The Student News Site of Columbia Heights High School

The Heights Herald

The Student News Site of Columbia Heights High School

The Heights Herald

The Student News Site of Columbia Heights High School

The Heights Herald

Controversial bill aims to protect young internet users, fails to consider ramifications

Jack Israelson
Students love to play on their computers, and the federal government seems desperate to regulate this — but where does regulation end and oppression begin?

With months of discussion, a bill that claims to provide a plan to protect children online has garnered over 60 backers in the U.S. senate. Initially proposed in 2022, it serves to impose extensive new requirements on digital platforms, all to ensure that children aren’t harmed by their products. This bill, referred to as the Kids Online Safety Act (KOSA), operates under the pretense that elements of social media sites and elsewhere online could worsen depression, bullying, harassment and other issues. Recently, the act has tested the waters of controversy. Startlingly similar to a Trojan horse that could harm more than it purports to help, hints of it being potentially enforced raise considerable concern. The bill is relatively recent in its introduction, though widely popular especially among center-right and conservative legislators, and discussed as if it were predicting the internet catching fire without taking proper action. Its terms outline that they aim to protect kids’ safety online through government intervention, which should be a good thing, right? After all, children ought to be protected in this corrupt society in which we live.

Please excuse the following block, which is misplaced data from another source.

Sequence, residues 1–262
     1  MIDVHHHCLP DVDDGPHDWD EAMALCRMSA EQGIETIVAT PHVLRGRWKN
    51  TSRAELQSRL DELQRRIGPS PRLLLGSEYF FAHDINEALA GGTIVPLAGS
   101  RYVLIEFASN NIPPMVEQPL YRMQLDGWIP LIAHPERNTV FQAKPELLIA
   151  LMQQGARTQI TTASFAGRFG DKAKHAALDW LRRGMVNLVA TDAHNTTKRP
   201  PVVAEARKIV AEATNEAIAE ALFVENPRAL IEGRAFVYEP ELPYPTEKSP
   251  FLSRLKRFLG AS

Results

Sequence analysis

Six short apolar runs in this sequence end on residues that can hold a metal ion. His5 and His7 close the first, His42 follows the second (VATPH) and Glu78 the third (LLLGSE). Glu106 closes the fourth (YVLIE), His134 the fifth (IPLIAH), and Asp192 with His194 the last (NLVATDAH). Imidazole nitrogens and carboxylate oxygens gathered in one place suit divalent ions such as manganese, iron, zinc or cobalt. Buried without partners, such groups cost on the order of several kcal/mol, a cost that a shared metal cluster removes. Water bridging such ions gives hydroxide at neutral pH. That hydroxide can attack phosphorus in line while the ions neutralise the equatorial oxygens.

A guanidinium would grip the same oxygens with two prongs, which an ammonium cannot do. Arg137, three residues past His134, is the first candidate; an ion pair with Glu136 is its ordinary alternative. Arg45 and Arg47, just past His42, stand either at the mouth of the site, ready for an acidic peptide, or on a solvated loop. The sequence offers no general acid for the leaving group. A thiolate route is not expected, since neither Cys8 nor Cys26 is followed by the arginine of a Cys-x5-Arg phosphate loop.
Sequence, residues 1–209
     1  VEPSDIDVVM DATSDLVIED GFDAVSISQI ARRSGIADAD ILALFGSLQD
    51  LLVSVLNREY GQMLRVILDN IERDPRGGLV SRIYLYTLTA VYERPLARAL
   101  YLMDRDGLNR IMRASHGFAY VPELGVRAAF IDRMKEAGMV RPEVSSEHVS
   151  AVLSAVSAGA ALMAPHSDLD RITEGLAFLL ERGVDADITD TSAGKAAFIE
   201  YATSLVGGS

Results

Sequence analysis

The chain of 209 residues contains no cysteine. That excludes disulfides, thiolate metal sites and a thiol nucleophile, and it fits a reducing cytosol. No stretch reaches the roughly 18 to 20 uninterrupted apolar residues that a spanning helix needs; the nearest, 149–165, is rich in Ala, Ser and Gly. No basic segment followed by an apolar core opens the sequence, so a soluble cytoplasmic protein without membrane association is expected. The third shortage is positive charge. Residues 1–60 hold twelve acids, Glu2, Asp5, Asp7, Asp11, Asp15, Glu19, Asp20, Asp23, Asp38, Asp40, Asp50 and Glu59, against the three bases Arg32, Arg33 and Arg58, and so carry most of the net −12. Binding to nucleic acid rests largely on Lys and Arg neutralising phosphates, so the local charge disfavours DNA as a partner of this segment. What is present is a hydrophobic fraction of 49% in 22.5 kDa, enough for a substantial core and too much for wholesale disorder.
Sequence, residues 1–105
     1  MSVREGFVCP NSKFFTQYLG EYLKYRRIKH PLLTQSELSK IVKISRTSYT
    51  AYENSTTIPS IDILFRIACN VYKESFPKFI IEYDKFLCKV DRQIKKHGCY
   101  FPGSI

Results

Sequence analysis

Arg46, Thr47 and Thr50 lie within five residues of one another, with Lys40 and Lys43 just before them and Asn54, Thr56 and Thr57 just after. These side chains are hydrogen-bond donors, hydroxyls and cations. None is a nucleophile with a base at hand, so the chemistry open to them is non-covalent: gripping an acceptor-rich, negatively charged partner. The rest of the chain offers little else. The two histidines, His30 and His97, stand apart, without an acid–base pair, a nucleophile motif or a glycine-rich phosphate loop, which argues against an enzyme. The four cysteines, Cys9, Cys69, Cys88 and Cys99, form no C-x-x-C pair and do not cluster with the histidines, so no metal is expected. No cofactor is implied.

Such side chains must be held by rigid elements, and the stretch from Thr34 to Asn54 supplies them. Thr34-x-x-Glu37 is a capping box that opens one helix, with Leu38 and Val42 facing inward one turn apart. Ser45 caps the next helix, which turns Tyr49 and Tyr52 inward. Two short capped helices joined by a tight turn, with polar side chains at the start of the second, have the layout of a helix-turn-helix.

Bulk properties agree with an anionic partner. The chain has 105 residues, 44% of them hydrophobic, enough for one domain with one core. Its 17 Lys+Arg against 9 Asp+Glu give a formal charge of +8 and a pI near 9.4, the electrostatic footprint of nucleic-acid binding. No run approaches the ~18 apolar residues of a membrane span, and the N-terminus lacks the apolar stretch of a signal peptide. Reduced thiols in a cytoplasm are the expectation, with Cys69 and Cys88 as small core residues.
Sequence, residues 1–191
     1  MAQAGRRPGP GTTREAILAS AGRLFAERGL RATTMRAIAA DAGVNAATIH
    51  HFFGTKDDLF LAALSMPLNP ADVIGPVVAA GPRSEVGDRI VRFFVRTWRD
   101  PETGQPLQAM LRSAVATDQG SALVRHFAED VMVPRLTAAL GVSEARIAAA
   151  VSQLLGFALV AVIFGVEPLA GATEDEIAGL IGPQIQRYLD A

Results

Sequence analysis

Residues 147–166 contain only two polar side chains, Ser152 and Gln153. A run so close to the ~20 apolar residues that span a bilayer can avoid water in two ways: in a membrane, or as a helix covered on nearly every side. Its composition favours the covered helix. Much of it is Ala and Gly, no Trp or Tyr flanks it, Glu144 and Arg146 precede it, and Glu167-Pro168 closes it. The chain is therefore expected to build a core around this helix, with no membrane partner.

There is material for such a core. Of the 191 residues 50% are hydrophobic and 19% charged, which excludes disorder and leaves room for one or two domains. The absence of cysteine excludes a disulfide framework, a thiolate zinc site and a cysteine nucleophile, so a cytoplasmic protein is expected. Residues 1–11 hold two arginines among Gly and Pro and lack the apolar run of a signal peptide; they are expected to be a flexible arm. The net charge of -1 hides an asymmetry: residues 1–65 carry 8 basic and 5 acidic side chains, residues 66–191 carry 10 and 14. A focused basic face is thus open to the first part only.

At least that seems to be the first argument around the bill, though its language thus far seems to fall short in several respects. Parents across the nation and even some kids have voiced support for governmental restrictions, but the lack of substance and enforceable protocols calls into question its usefulness as actual protection online. 

At the end of the day, even if mass government surveillance were logistical, the question is really if the government should do a parent’s job of monitoring their kids’ online activity. If you leave a young kid alone on an iPad with full access to the internet, we should know who’s to blame. 

Furthermore, parents often neglect to enforce limits (not to mention unfettered access) on their offspring, which is another obvious issue this proposed bill obfuscates. We’ve all seen that one kid screaming his head off at a restaurant, only to be silenced by an iPad — this is the problem, not access once online but rather parental permission and encouragement to succumb oneself to the online world. Of course, parenting is no easy feat, and day-to-day life is easier when you can simply place an electronic device in front of your child. It can be a makeshift babysitter, allowing caretakers to take care of more important responsibilities, serving as a “temporary fix.” But these short-term solutions can add up to long-term consequences. Perhaps this is where the government should get creative and restrictive rather than assuming the worst of all minors’ online exploration.

Screen addiction inherently makes children more prone to social recluse, since spending so much time on a device lessens the time they spend interacting with others. Time used too much on devices can also lead to poor anger management issues, as sensory overload — an extreme overload of all the five senses but in lesser capacity — can trigger children into more negative moods and behaviors, as multiple studies have shown, including the now infamous Dunn Sensory Profile